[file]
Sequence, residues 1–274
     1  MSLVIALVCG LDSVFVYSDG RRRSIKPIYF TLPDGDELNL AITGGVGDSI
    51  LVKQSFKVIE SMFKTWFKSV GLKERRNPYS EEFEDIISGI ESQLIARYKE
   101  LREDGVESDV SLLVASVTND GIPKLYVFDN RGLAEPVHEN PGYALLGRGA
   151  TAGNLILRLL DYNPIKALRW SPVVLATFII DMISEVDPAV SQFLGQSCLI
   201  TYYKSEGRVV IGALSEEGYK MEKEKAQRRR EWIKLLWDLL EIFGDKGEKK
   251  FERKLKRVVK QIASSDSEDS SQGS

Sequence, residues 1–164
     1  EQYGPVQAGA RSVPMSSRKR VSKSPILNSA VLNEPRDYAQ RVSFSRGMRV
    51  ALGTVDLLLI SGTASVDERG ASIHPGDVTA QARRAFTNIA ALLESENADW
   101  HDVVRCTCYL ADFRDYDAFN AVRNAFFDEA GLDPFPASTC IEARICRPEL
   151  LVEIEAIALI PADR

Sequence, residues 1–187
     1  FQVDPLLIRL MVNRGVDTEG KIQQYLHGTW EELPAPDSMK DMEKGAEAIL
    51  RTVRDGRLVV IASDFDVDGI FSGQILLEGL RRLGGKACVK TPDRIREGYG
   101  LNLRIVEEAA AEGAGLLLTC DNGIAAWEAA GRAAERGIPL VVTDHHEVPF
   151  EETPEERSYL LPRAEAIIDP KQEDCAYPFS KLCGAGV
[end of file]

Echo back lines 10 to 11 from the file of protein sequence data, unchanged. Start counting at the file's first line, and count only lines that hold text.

    51  ALGTVDLLLI SGTASVDERG ASIHPGDVTA QARRAFTNIA ALLESENADW
   101  HDVVRCTCYL ADFRDYDAFN AVRNAFFDEA GLDPFPASTC IEARICRPEL